By: Krista Henry

When it comes to bridging the gap between artificial intelligence (AI) research and industry applications, Waterloo co-op students are on it.

Co-op students are currently in Norway as part of the international work-integrated-learning (IWIL AI) project funded by the Norwegian Directorate for Higher Education and Skills. IWIL AI is a partnership with Waterloo’s Co-operative and Experiential Education team, Waterloo Artificial Intelligence Institute (Waterloo.AI) and the Norwegian University of Science and Technology (NTNU).

At NTNU, Waterloo students are supporting projects that will have real-world applications. In the last year, NTNU hired four students. Their roles are AI specialist, social robotics programmer (AI) and front and backend developer for AI supported learning platforms.

“These students have been working on some cool projects including our Kaia, the social robot,” says Özlem Özgöbek, associate professor, computer science at NTNU and project manager for IWIL AI.

“The aim of the work is to have voice conversations with the robot. This involves using large language models and other AI techniques to program the robot. They are contributing to the development of AI and conversational robots.”

Co-op students with Kaia the social robot at CatchIDI3

Co-op students with Kaia the social robot at CatchIDI3

Another major project co-op students work on is developing a Norwegian language model as an educational platform for teachers and students. The project helps students connect various real-world topics to courses at NTNU. “This project involves natural language processing and other AI techniques with user interface development,” adds Özgöbek.

The four-year IWIL AI project promotes the value of co-op/WIL and its intersection with foundational and applied research. According to Özgöbek, Waterloo students are thriving in the interdisciplinary work taking place at NTNU. The students are learning more about the research environment in Norway, while also working with industry partners.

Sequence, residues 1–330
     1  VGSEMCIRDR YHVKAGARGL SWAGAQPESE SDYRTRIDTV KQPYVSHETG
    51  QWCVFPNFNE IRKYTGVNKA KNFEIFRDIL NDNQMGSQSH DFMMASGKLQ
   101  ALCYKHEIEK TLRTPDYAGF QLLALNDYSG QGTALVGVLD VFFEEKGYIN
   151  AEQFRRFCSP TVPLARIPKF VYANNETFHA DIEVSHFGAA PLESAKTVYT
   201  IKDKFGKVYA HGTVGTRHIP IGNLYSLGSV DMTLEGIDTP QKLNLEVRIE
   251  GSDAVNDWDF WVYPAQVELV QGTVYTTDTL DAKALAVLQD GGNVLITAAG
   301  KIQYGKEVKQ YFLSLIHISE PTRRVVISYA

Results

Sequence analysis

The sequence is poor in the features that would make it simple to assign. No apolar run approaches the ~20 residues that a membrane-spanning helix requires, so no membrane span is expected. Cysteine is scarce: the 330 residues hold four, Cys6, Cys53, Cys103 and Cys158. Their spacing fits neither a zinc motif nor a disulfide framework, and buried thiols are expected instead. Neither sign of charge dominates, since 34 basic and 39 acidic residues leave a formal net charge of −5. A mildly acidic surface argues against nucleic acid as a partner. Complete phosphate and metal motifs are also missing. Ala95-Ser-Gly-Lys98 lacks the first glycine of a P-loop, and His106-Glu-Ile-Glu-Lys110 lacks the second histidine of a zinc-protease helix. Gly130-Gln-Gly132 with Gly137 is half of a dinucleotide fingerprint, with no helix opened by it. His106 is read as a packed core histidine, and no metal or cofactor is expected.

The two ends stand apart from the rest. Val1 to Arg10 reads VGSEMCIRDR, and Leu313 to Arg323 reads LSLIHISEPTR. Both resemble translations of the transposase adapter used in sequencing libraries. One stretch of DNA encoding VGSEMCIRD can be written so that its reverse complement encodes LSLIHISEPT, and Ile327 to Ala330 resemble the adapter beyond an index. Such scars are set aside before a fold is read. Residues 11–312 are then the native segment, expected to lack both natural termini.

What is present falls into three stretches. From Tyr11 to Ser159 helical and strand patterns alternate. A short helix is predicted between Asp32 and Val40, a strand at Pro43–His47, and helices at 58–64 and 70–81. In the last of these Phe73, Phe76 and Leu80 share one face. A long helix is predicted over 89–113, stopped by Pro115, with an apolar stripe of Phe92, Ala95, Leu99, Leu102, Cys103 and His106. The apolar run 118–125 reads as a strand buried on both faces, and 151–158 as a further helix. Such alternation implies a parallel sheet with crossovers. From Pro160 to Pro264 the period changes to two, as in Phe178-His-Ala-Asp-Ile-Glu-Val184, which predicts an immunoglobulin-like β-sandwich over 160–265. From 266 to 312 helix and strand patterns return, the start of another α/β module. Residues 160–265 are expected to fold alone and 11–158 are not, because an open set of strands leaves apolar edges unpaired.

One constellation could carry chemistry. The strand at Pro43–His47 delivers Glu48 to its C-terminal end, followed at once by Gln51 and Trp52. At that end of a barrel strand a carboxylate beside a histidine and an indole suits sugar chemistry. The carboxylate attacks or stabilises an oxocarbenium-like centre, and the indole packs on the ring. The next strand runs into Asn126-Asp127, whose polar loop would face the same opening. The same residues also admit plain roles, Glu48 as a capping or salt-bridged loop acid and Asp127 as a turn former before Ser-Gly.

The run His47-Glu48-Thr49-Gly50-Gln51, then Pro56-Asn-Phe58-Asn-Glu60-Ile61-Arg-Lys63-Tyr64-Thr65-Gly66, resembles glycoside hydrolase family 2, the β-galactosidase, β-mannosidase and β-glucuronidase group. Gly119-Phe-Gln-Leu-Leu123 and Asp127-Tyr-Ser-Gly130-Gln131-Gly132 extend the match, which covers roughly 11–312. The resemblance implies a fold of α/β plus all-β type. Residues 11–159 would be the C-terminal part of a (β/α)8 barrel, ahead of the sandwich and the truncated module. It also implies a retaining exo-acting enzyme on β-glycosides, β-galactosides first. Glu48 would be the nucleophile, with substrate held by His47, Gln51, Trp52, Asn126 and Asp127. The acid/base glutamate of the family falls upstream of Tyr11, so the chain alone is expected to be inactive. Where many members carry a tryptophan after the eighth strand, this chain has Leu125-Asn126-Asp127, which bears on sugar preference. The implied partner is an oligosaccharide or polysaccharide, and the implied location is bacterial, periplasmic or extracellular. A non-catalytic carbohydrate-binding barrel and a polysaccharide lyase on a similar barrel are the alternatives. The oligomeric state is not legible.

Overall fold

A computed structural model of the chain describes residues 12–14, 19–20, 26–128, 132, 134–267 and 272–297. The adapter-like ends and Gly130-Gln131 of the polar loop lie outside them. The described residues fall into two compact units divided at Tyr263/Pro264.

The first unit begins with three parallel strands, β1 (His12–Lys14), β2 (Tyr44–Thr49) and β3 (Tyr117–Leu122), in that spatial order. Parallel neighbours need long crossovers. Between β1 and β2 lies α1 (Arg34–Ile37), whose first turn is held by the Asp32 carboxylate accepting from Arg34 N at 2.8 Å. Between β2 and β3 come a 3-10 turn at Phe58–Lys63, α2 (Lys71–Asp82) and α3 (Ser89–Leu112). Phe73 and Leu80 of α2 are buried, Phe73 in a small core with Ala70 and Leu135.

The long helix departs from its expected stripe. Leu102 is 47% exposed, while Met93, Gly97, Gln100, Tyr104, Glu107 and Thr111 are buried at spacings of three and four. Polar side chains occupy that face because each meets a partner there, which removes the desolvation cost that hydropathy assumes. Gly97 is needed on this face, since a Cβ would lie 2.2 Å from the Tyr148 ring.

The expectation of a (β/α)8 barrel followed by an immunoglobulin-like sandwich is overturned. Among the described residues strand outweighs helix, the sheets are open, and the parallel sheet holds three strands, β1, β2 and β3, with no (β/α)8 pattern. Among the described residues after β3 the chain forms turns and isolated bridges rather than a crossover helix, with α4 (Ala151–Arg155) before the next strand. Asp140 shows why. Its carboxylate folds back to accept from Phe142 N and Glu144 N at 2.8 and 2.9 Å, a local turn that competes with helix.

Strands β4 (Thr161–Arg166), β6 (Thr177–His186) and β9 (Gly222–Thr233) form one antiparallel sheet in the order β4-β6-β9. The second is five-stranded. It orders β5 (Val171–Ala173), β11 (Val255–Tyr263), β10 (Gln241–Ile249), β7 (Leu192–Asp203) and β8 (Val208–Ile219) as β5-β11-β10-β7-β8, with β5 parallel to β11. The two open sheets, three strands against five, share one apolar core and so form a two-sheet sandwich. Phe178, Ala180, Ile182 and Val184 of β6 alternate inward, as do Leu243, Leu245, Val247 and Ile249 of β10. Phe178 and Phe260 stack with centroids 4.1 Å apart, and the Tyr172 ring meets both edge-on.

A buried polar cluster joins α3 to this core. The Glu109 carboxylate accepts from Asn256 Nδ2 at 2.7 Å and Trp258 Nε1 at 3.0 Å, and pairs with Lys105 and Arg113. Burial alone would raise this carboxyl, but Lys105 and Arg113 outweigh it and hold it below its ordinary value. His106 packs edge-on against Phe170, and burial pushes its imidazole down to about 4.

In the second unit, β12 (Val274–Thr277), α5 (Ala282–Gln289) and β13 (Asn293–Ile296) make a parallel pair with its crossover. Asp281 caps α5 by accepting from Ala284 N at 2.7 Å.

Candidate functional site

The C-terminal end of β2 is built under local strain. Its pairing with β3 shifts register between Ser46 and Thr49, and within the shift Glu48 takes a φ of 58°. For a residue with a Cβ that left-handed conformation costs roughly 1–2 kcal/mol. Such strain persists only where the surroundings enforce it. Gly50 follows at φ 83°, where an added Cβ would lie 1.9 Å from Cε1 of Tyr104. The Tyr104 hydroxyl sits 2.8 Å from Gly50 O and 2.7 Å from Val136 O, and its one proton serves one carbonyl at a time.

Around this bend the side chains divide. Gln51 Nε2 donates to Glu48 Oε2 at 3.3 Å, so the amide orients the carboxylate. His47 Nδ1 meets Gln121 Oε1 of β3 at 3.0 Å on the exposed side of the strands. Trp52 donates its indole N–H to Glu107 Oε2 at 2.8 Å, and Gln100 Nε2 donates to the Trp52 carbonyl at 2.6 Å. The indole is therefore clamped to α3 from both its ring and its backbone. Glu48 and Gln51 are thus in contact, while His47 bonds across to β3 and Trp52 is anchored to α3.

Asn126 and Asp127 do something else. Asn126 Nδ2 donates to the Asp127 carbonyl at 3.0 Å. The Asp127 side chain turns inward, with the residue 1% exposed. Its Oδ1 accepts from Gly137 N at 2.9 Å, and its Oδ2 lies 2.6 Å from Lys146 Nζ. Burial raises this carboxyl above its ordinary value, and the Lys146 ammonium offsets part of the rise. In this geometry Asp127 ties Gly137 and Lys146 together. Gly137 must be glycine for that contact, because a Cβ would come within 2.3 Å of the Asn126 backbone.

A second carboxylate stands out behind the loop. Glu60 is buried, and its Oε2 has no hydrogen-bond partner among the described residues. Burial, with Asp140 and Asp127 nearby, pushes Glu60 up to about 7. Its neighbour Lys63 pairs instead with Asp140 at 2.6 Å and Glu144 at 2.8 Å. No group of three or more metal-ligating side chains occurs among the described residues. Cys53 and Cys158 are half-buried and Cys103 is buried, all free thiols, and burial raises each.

“We’re working at the intersection of academia and industry. The students get the chance to observe these collaborations and how they work at the university. They are really contributing to the research as much as they can,” says Özgöbek.

Fitting into a new work environment and culture has gone well for Waterloo co-op students. Karolina Storesund, administrative co-ordinator of the Norwegian Research Center for AI Innovation (NorwAI), hosted at NTNU, says the students have done a good job adjusting to their new environment.

Karolina Storesund

Karolina Storesund, administrative co-ordinator of NorwAI

As a mother myself I was a bit worried, but the students were very confident and they just found their way. They adapted fast! One student for example was going on skiing trips weeks after she arrived, which is very good.

Karolina Storesund

Stanley Miao presenting a research poster to other students

Stanley Miao presenting at the SINTEF University of Waterloo poster session 2023

Kate Bendall with Kaia the social robot at CatchIDI3

Kate Bendall with Kaia the social robot at CatchIDI3

An exchange of knowledge through WIL

IWIL AI will fund 24 Waterloo co-op students as they undertake AI in Norway at NTNU and at their industry partners. While sixteen master’s and Ph.D. students from NTNU will have a six-month applied research internship at Waterloo.AI, its research networks and industry partners.

Özgöbek praised Waterloo’s work-integrated learning model and the ease at which students were able to transition into a work term in Norway. NTNU hopes to send its first batch of students to Canada in the spring 2024 term to work with Waterloo.AI.

Waterloo has a very well-organized system that has run very smoothly. Whereas at NTNU it’s totally new and we’re trying to integrate work terms into our study programs. This project gives us the opportunity to explore how WIL works and what the advantages are. This is a first step in our exploration.

Özlem Özgöbek

Özlem Özgöbek

Özlem Özgöbek, associate professor, computer science at NTNU and project manager for IWIL AI